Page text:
Chrysler made big news earlier in the month by refusing a recall request from the National Highway Traffic Safety Administration for the 1993-2004 Jeep Grand Cherokee and 2002-2007 Jeep Liberty. Last week, NHTSA boss David Strickland countered by defending his agency's request for the recall of 2.7 million Jeep SUVs. Today marked the deadline for Chrysler to formally respond to NHTSA, and it seems that both parties have met in the middle with Chrysler inspecting and upgrading some of the affected vehicles without using the word "recall," which would constitute the admission of a defect; instead, Chrysler said that it is conducting a "voluntary campaign."

At issue on these vehicles is the positioning of the fuel tank behind the rear axle that could get damaged during a rear-end collision. NHTSA has stated that at least 51 people have been killed in rear-end collisions involving these Jeeps after the vehicles caught fire, to which Chrysler countered by pointing out that both models "met and exceeded" the requirements for fuel-system integrity.

As a compromise on the situation, Chrysler says that it will inspect all pre-2004 Grand Cherokees and pre-2007 Liberty models and, "if necessary, provide an upgrade to the rear structure of the vehicle." According to Automotive News, this upgrade will consist of adding a trailer hitch that will presumably better protect the rear-mounted gas tank. Vehicles already equipped with a factory or Mopar hitch will not be modified. Chrysler's official statement on the matter is posted below, but no additional information has been released, such as when the campaign will begin and how many vehicles could be affected.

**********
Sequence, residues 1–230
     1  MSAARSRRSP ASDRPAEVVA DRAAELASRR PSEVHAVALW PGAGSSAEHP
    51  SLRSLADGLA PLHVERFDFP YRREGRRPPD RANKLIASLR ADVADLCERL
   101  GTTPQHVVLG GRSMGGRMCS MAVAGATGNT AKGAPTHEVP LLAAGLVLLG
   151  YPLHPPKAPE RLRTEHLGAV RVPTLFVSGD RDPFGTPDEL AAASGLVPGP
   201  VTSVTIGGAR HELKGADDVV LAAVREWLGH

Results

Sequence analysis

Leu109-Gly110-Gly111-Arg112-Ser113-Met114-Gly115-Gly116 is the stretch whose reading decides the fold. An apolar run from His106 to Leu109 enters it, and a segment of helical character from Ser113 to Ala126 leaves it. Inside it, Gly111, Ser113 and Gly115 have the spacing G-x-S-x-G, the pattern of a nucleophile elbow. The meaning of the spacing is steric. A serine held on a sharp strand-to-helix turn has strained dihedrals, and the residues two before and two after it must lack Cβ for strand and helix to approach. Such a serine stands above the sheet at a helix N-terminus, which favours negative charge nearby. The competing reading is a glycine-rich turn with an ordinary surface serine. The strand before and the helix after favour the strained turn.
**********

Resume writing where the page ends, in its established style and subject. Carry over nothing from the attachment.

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Chrysler Group and NHTSA Resolve Recall Request
Auburn Hills, Mich. , Jun 18, 2013 - Chrysler Group LLC and the National Highway Traffic Safety Administration (NHTSA) have resolved their differences with respect to NHTSA's request to recall 1993-2004 Jeep® Grand Cherokee and 2002-07 Jeep Liberty vehicles.

As a result of the agreement, Chrysler Group will conduct a voluntary campaign with respect to the vehicles in question that, in addition to a visual inspection of the vehicle will, if necessary, provide an upgrade to the rear structure of the vehicle to better manage crash forces in low-speed impacts.

Chrysler Group's analysis of the data confirms that these vehicles are not defective and are among the safest in the peer group. Nonetheless, Chrysler Group recognizes that this matter has raised concerns for its customers and wants to take further steps, in coordination with NHTSA, to provide additional measures to supplement the safety of its vehicles.

Chrysler Group regards safety as a paramount concern and does not compromise on the safety of our customers and their families.